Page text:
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Mariners' Lee 'most prepared I've ever been'

MLB.com @gregjohnsmlb

PEORIA, Ariz. -- Dae-Ho Lee, the big Korean first baseman attempting to win a job in his first Major League camp with the Mariners, corrected earlier reports that he'd lost 50 pounds this offseason. Lee, who is listed at 6-foot-4, 250 pounds, said Thursday that he's dropped 15 pounds.

But Lee definitely remains a big presence at the Mariners' facility, where many are wondering if the slugging prowess he displayed in Japan and Korea in previous years can carry over to the big leagues.

PEORIA, Ariz. -- Dae-Ho Lee, the big Korean first baseman attempting to win a job in his first Major League camp with the Mariners, corrected earlier reports that he'd lost 50 pounds this offseason. Lee, who is listed at 6-foot-4, 250 pounds, said Thursday that he's dropped 15 pounds.

But Lee definitely remains a big presence at the Mariners' facility, where many are wondering if the slugging prowess he displayed in Japan and Korea in previous years can carry over to the big leagues.

"This is a dream come true to come to the Major Leagues," Lee said through an interpreter after the Mariners' first full-squad workout. "This is the last stop for me in baseball."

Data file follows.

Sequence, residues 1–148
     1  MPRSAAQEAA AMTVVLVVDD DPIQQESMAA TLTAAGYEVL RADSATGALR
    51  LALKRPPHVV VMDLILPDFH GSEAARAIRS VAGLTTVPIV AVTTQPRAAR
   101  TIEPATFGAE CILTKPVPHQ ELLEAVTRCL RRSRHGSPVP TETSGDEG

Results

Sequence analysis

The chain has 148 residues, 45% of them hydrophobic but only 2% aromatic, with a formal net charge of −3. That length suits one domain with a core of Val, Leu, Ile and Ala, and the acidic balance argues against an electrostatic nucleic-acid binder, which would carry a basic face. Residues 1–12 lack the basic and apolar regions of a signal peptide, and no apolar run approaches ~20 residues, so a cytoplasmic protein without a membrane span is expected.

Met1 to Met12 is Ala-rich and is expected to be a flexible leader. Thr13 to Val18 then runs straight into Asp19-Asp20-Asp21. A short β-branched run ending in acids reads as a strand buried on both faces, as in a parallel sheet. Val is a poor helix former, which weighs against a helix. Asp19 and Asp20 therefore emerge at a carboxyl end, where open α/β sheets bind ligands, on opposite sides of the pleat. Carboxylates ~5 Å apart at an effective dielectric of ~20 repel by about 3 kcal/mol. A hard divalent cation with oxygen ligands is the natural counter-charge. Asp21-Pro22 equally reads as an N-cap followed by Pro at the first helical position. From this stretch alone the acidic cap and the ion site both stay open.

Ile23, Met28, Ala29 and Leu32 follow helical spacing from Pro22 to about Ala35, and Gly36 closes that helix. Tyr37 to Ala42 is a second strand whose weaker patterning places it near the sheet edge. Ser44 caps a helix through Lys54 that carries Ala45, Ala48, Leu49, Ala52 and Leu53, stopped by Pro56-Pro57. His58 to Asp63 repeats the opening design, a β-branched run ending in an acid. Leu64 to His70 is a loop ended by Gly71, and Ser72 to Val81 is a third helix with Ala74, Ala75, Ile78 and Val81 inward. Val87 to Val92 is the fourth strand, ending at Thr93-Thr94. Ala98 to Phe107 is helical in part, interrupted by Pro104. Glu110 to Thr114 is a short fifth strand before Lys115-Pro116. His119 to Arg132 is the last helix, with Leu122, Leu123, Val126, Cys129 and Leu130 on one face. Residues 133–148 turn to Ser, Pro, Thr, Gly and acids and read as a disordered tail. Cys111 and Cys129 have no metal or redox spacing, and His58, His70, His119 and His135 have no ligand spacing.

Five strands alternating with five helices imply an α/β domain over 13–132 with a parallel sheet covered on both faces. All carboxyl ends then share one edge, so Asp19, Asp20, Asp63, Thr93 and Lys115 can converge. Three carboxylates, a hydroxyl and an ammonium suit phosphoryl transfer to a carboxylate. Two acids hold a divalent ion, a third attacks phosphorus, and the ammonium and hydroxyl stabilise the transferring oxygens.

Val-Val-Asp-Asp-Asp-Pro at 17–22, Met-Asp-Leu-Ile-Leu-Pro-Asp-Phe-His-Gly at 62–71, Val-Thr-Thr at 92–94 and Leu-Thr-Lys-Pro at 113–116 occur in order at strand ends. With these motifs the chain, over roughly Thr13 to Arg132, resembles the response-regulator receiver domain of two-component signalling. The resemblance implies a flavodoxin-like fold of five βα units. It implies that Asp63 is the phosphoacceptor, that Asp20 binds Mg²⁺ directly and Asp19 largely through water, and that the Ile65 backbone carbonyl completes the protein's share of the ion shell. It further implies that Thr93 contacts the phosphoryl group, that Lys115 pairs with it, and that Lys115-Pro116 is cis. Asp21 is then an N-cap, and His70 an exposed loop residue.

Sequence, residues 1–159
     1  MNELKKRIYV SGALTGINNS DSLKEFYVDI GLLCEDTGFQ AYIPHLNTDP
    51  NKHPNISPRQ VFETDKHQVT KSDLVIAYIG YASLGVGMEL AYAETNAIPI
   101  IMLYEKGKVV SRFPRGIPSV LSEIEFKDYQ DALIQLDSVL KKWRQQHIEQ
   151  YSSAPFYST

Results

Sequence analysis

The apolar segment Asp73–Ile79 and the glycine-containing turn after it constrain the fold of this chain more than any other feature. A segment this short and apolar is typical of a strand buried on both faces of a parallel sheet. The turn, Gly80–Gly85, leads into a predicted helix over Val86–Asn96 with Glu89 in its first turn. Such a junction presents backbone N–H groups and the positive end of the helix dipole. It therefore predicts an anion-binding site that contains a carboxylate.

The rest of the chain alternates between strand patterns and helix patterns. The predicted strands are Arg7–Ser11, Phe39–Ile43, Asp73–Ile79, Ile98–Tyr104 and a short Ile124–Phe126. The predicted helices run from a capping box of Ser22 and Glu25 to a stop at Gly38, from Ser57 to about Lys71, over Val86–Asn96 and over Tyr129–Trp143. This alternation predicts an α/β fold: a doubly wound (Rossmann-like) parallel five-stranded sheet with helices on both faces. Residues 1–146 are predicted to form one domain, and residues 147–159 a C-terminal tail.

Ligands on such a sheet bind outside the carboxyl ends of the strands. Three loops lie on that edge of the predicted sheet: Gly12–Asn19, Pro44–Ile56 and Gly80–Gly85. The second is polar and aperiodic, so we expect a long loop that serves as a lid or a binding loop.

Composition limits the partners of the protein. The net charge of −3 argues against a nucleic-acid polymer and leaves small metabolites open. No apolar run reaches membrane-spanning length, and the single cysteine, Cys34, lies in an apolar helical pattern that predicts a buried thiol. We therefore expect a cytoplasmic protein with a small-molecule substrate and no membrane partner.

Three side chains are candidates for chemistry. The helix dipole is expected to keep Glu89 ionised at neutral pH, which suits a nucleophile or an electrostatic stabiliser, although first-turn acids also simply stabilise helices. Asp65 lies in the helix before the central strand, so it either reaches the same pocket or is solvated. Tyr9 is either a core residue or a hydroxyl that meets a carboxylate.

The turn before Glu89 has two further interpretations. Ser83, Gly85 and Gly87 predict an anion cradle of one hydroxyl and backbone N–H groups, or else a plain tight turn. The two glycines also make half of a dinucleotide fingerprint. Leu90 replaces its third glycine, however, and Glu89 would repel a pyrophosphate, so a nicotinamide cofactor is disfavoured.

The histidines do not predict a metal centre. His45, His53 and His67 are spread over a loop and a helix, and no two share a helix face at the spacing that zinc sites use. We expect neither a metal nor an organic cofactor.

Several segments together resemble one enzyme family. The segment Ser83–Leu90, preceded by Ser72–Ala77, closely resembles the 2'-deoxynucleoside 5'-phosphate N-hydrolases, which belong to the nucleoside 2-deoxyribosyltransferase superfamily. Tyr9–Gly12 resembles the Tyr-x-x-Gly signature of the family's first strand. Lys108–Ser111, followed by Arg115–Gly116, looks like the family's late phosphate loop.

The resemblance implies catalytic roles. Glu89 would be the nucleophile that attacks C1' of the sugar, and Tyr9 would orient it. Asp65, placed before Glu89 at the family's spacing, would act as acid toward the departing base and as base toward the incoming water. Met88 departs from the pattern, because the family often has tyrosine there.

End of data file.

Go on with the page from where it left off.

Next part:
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Lee indeed has lost some weight while preparing to compete for a backup first-base job with Seattle, which is looking for a right-handed platoon partner to Adam Lind. The Mariners also have Jesus Montero and Gaby Sanchez battling for that spot.

"I've been playing the last 14 years [in Korea and Japan] and I think this is the most prepared I've ever been," Lee said.

The Mariners are intrigued after Lee agreed to a Minor League deal that could pay up to $4 million in incentives if he makes the big league team. General manager Jerry Dipoto said the fact Lee turned down more guaranteed money to play in Korea or Japan leads him to believe the 33-year-old is motivated to prove he belongs.

"I know we got a guy with a storied history in Korea who went to Japan and became a star in that league and has opted to come here," said Dipoto. "And there's no reason to anticipate he'll be anything but as good as he can be, because this is where he wants to play."

Lee hit .282 with 31 home runs and 98 RBIs in 141 games for Fukuoka Softbank in Japan's Pacific League last year, but insists he's about more than just the long ball.

"I'm not really a big home run guy," he said. "I just try to put everything to center and control the ball. So when it's hit good, it goes for an automatic home run."

Lee didn't want to speculate on whether he'll opt out of his contract if he doesn't get added to the Major League roster for the start of the season.

"I'm thinking positive," he said. "Why ask a negative question? I don't even think about it."

Greg Johns is a reporter for MLB.com. Follow him on Twitter @GregJohnsMLB, read his Mariners Musings blog, and listen to his podcast.

Seattle Mariners, Dae-Ho Lee